This exception was further confirmed by judgments from the Dubai Cassation Courts, which explained that what was actually meant by “no appeal” in paragraph 2 of the above mentioned article is in fact the Court’s appointment decision only. This prohibition does not apply to all other judgments issued by the Court, even those related to the arbitration process.

Dubai Court of Cassation, Appeal no. 136/2007, session of June 19th, 2007:

“It is established as per the ruling of this court that what the legislator has meant by the judgment that may not be appealed, according to the provision of the second paragraph of Article 204 of the Civil Procedures Law, is the judgment that is delivered ordering the appointment or replacement of the necessary arbitrators in the cases stipulated in the first paragraph thereof, and it is deemed to be an exception of the general rules that allow appealing against judgments by means of appeal that are set forth in the law. So, its interpretation must not be elaborated and it should not be considered as a criterion, so that the inability to appeal against that judgment affects the subject of the arbitrator’s appointment or replacement”.

Dubai Court of Cassation, Appeal no. 342/2008, session of March 4th, 2008:

“It is not permissible to appeal against the judgment delivered by the Court of First Instance regarding the appointment of an arbitrator provided that the decision thereof is limited to the appointment of the arbitrator. If the judgment ruled on some primary matters such as the aspects of the pleas and defences that the litigants have raised or overlooked them, it may be appealed in whole. In that case, all the aspects of the pleas and defences that have been raised by the litigants before the Court of First Instance shall be transferred to the Court of Appeal which shall have to rule on them. If the court has ruled on these aspects and decided that they are groundless, it shall have to dismiss the appeal”.

Dubai Court of Cassation, Appeal no. 18/2009, session of April 14th, 2009:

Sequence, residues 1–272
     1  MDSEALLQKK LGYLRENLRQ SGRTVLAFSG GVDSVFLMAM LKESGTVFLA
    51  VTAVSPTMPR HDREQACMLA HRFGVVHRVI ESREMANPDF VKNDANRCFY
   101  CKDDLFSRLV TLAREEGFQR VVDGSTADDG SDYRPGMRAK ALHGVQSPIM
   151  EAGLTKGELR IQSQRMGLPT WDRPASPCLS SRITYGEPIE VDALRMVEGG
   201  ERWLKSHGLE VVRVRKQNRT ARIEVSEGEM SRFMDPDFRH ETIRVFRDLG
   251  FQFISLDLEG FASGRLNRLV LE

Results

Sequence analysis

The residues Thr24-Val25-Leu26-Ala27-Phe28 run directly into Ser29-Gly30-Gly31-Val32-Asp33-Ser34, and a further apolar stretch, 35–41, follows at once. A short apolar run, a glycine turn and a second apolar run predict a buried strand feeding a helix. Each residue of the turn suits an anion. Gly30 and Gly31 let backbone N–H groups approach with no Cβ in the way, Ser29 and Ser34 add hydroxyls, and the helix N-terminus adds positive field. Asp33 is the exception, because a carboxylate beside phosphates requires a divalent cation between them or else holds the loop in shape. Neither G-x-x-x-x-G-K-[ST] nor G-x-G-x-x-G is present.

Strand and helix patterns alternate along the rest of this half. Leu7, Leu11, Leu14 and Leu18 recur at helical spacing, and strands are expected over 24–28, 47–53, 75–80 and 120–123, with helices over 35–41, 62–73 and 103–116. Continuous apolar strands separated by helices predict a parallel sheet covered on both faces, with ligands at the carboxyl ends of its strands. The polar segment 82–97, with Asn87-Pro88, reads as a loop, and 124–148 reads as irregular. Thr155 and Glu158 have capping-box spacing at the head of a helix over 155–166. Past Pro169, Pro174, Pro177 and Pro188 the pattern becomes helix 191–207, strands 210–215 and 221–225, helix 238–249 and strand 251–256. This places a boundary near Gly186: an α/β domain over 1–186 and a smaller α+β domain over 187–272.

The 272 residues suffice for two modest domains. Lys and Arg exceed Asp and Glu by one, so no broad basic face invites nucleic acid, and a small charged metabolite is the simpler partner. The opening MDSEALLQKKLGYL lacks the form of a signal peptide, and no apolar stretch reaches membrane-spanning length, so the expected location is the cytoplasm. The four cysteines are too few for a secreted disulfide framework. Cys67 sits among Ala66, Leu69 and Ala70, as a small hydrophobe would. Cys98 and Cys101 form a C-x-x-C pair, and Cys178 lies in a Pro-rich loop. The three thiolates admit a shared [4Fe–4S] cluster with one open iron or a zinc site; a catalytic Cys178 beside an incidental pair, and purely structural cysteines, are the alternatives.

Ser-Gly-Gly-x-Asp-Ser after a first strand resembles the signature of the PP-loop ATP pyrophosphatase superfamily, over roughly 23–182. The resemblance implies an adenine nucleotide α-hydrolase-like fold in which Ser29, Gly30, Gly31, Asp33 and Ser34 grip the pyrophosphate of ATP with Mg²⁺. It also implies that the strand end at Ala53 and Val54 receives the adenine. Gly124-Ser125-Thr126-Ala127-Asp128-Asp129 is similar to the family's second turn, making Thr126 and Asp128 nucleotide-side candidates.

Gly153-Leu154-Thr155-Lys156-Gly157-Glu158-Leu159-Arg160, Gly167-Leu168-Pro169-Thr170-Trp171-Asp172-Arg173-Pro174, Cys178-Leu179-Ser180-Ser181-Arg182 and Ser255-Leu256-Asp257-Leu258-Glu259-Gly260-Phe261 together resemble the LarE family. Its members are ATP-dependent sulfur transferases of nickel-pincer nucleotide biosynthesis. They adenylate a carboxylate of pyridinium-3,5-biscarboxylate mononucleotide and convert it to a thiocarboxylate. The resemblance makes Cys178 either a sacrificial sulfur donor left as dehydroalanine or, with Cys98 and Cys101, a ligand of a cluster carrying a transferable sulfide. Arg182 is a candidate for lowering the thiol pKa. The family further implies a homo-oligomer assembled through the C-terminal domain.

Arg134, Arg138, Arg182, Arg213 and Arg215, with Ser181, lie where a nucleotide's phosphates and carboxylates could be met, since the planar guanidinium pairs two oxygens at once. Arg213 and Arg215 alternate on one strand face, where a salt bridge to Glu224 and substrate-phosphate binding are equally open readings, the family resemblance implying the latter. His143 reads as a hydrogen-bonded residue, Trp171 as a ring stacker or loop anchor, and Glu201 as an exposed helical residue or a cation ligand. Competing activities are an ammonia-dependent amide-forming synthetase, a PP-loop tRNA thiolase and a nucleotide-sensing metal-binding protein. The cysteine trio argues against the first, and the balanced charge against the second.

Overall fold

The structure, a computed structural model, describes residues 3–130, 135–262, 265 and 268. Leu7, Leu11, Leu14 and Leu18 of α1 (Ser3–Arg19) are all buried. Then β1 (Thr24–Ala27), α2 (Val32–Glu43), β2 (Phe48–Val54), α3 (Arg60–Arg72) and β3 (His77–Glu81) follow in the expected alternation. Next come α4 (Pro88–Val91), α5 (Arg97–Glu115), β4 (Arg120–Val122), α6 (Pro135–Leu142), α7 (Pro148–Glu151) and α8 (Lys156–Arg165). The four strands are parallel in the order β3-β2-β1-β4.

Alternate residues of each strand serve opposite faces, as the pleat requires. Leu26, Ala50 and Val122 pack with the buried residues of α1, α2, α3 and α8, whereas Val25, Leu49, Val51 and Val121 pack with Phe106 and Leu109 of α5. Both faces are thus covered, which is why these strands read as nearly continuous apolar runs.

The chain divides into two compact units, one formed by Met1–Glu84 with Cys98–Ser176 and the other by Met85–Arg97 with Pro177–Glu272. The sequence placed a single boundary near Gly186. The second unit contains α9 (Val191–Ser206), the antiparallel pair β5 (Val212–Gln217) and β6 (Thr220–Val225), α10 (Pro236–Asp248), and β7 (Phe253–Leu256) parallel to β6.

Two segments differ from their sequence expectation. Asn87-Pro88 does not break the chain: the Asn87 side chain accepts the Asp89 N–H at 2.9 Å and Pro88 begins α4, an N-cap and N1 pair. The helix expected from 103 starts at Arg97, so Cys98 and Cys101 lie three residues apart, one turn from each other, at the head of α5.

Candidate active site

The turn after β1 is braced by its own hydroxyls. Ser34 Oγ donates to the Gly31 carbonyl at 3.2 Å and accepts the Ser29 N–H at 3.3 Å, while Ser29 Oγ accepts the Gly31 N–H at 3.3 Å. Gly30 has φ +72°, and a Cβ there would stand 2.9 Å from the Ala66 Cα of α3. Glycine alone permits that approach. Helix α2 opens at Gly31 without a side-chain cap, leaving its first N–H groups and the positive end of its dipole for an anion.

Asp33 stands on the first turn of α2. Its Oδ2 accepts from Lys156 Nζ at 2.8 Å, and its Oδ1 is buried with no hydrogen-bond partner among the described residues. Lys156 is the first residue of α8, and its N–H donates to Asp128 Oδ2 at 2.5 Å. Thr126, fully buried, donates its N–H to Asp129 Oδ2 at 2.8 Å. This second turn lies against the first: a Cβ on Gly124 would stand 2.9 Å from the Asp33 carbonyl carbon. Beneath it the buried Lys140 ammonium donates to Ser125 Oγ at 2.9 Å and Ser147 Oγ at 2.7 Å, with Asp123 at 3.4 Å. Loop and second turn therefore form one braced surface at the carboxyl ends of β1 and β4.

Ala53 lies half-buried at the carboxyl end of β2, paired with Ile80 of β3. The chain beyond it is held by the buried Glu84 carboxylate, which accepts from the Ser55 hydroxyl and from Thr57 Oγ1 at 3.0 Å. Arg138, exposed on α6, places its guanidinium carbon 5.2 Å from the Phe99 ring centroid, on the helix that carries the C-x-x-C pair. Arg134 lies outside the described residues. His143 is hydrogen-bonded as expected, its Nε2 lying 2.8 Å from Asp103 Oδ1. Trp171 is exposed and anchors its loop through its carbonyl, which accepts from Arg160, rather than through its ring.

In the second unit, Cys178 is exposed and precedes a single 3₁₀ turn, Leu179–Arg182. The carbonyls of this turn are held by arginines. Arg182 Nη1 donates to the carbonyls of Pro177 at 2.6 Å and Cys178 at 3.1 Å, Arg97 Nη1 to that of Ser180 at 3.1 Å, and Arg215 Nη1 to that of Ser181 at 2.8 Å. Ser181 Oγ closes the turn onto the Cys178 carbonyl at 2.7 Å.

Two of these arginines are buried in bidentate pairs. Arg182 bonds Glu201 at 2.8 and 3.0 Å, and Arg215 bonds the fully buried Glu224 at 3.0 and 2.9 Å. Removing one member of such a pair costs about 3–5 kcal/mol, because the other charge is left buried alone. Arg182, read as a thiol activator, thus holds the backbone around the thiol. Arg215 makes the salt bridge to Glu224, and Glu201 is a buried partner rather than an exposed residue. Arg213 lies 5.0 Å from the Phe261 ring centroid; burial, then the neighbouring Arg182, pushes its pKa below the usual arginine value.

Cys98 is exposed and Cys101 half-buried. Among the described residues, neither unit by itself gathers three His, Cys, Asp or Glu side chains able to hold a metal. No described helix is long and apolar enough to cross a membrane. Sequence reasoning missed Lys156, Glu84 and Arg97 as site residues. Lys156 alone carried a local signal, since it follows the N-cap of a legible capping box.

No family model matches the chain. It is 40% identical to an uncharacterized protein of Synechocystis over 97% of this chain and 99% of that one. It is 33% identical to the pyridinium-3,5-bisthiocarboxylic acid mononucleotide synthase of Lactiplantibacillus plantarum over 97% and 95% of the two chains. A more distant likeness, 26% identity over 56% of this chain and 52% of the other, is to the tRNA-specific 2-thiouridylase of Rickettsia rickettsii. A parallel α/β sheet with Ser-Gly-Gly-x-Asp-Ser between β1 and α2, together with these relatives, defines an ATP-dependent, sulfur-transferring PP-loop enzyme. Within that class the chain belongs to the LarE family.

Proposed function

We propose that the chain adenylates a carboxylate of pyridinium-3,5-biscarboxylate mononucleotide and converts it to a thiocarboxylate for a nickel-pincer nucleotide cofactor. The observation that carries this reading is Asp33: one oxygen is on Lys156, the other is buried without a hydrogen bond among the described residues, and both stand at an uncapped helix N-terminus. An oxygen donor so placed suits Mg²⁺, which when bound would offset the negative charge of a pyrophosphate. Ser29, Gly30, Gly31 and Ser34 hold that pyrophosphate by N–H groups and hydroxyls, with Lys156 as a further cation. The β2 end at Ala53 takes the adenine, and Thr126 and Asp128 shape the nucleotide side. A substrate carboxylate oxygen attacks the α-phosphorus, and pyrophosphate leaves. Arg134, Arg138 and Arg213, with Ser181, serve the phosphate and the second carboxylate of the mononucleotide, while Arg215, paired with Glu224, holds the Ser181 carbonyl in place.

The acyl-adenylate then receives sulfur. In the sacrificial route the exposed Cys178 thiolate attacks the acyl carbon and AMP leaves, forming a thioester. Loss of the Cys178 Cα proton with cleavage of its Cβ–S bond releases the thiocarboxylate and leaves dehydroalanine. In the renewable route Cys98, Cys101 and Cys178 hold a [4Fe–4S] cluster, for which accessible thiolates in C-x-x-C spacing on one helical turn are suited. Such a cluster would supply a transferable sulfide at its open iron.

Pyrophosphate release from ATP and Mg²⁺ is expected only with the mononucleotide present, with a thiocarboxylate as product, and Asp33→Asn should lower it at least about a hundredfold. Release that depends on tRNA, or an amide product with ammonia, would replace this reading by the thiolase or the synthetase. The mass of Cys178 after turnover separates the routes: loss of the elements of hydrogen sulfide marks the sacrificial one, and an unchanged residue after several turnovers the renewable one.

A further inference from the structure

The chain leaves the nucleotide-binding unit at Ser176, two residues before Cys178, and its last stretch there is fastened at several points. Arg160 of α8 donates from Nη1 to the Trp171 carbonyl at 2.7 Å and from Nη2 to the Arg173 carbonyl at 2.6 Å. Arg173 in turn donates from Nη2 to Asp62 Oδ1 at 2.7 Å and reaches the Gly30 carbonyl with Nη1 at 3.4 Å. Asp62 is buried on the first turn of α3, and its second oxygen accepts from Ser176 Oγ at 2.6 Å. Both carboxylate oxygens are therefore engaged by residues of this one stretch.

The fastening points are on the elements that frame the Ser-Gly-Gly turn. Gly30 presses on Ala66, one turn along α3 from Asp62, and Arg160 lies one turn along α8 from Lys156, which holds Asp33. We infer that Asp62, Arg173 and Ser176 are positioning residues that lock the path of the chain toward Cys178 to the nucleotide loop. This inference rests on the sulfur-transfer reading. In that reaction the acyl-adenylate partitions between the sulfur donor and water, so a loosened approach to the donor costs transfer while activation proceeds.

“It is established that the provision of Article 204 of the Civil Procedures Law that is provided for in the Arbitration Chapter concerning the invalidity of appealing against the judgment that is delivered as regards the appointment of arbitrators by any means of appeal only applies to the judgment ordering the appointment of the arbitrators and it is the only judgment that may not be appealed among the judgments delivered by the Court of Appeal which are not related to the appointment of arbitrators. As for the judgments delivered by that court regarding the validity or admissibility of the appeal; they do not fall among the aforementioned exceptions and may be appealed in cassation”.

Yet, this in no way means the Law prohibited the parties from dismissing or replacing an arbitrator in general. In fact, the CPC outlined the specific and required conditions to dismiss or replace an arbitrator from the arbitral tribunal. These conditions were mentioned in article 207 of the CPC, which reads:

“1- The acceptance of the appointment of an arbitrator shall be in writing or may be evidenced by recording the same in the minutes of the sessions.

2- If an arbitrator, after having accepted his appointment, withdraws without good reason, he may be held liable for compensation.

3- No arbitrator may be removed except with the approval of all the parties to the dispute. However, if it is established that the arbitrator has wilfully neglected to act in accordance with the terms of reference, despite serving a written notice on him in this respect, the court which has jurisdiction to consider the dispute may, at the request of one of the parties, dismiss the arbitrator and order a replacement in the same manner as he was originally appointed.

4- An arbitrator may not be disqualified except for reasons occurring or appearing after his appointment. A request for disqualification must be based on the same grounds on which a judge may be dismissed or deemed unfit for passing judgment.

The request for disqualification shall be filed with the court which has jurisdiction to consider the dispute within five days as of notifying the parties of the appointment of the arbitrator or as of the date on which the reason for disqualification arose or as of the time it became known if subsequent to the notification of the appointment of the arbitrator. In all events, the request for disqualification shall not be granted if the court has already passed a judgment or if the hearing of pleadings has been concluded”.